Terminating and/or firing employees is an often dreaded task faced by employers in all industries and lay offs are no different. Unfortunately, at some point in the business life cycle, financial difficulties may mean a business owner needs to lay off employees – and do so in a manner that does not result in legal action by the disgruntled employee.
While it is not against California law for employers to lay-off their workers without any promise or consideration of rehire, there is a legal obligation for employers to give proper notice of lay-offs. Failure to do so could result in compensatory damages to employees.
Federal and State Laws Require Lay Off Notice
Under federal law and state law, certain California employers are required to give advance notice of a plant closing or a lay off that will result in a certain percentage of its workers losing their jobs. The WARN Act (Worker Adjustment and Retraining Notification) is a federal labor law that aims to protect employees and their families in the event of a massive lay off or plant closing. California has its own version, often referred to as mini-WARN, which also requires disclosure.
Under WARN, employers are required to give notice to employees if the employer has at least 100 full time employees or 100 employees who work a combined total of 4,000 hours each week. Full time is defined as someone who works at least 20 hours each week and has worked for at least six of the last 12 months. Under this law, a plant closure for 500 or more full time employees or a lay off plan that will eliminate 1/3 of the employees will require notice to the workforce.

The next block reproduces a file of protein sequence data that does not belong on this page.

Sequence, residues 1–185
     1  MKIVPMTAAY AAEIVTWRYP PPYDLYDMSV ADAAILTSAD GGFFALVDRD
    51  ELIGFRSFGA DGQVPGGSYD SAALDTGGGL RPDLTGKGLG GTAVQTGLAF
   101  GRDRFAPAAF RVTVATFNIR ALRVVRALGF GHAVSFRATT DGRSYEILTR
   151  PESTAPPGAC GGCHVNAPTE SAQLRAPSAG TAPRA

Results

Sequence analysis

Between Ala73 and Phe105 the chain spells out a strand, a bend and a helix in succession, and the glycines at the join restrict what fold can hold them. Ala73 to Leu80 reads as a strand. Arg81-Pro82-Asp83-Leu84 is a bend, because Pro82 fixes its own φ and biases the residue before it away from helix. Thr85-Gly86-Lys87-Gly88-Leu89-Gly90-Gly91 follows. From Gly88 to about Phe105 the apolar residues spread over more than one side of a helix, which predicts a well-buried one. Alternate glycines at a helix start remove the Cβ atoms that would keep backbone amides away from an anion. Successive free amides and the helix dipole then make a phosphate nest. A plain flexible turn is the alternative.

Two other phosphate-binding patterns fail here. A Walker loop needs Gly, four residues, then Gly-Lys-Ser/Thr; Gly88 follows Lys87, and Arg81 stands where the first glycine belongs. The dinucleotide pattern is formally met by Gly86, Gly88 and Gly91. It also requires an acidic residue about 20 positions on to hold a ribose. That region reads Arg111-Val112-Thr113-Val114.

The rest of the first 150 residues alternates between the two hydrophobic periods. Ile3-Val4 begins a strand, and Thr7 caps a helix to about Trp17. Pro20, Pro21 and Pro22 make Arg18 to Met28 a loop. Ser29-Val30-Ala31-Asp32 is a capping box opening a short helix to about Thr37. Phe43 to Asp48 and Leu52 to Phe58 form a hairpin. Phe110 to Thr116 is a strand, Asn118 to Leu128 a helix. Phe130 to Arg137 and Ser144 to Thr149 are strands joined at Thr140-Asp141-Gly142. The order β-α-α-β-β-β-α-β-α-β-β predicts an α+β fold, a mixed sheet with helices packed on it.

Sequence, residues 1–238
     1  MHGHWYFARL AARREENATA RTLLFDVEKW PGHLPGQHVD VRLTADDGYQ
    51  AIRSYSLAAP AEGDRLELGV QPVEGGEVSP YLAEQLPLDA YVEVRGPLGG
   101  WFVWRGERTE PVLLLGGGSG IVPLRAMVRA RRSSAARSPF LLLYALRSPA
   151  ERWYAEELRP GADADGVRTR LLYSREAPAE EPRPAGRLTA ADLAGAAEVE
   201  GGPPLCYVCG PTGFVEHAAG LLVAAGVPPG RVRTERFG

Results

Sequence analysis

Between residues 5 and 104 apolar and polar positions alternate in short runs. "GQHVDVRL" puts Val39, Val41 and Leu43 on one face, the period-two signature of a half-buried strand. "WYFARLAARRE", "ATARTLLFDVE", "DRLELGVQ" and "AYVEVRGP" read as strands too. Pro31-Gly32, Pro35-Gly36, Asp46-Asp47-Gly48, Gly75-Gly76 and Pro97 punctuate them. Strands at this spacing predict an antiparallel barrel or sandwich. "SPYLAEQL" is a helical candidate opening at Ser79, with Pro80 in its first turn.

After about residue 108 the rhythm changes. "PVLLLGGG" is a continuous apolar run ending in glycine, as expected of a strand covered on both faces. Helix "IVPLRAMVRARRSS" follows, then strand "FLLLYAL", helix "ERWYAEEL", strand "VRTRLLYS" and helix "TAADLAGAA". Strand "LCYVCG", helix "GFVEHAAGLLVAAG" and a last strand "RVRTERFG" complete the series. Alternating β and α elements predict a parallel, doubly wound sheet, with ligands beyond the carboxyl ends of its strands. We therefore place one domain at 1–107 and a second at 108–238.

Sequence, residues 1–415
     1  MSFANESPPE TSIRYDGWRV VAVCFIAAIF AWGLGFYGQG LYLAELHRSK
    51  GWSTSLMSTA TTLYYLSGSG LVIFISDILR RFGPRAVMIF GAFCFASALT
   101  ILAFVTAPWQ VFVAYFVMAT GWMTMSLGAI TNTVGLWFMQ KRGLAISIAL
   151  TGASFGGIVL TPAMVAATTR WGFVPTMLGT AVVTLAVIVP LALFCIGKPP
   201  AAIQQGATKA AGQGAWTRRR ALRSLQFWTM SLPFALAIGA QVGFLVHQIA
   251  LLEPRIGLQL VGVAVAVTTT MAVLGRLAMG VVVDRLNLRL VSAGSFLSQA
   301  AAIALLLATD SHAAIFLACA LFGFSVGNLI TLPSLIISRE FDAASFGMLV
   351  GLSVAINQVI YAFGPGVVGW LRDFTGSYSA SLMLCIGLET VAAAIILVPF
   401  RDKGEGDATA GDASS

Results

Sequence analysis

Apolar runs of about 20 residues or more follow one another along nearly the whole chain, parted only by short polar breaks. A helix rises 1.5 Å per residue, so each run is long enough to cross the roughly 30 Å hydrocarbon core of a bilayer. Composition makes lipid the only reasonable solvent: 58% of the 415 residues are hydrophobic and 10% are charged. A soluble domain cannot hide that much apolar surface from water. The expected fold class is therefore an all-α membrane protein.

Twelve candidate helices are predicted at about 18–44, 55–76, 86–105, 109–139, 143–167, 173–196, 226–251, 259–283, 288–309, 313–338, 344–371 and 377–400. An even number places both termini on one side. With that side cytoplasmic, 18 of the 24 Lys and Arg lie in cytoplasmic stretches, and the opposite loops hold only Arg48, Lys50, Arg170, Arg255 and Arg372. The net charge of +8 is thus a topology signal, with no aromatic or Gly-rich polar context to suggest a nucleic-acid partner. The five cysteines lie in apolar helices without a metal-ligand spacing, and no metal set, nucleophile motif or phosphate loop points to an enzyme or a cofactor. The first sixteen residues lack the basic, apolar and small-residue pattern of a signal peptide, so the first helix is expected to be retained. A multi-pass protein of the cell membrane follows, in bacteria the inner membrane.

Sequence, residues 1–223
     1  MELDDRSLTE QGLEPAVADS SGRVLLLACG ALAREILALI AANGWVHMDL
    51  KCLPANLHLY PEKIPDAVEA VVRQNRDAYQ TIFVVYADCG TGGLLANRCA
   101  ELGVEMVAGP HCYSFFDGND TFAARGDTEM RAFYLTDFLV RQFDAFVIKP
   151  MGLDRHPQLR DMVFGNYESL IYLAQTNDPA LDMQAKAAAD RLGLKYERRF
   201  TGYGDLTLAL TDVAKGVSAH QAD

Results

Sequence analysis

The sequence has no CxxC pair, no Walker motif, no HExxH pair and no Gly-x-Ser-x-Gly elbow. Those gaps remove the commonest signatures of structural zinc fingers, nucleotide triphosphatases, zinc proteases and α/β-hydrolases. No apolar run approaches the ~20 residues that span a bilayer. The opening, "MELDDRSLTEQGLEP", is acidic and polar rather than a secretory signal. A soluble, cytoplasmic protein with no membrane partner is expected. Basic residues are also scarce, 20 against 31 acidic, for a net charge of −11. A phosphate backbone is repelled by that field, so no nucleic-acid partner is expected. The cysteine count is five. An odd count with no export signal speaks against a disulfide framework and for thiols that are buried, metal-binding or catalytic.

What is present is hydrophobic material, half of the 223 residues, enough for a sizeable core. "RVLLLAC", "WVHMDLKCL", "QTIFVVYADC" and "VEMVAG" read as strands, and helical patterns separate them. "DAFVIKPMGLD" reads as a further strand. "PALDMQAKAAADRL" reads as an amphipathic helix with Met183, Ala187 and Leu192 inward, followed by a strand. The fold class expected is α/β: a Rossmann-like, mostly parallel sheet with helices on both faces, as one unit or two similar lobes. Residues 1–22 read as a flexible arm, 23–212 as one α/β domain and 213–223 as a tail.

Under California law, employers are required to give notice if they own an industrial or commercial facility and they have at least 75 workers. Under state law, a massive lay off is defined as at least 50 workers who will be without work for a minimum of 30 days. If an industrial or commercial facility plans to relocate at least 100 miles away, they are also required to give notice.
Unless the employer meets an exception under federal or California state law, they must give 60 days’ notice. Failure to do so can mean that employees are eligible to file a claim for damages.
If your business is considering a lay off, speak with experienced business attorney Drew E. Pomerance before taking any action in order to avoid a potential lawsuit.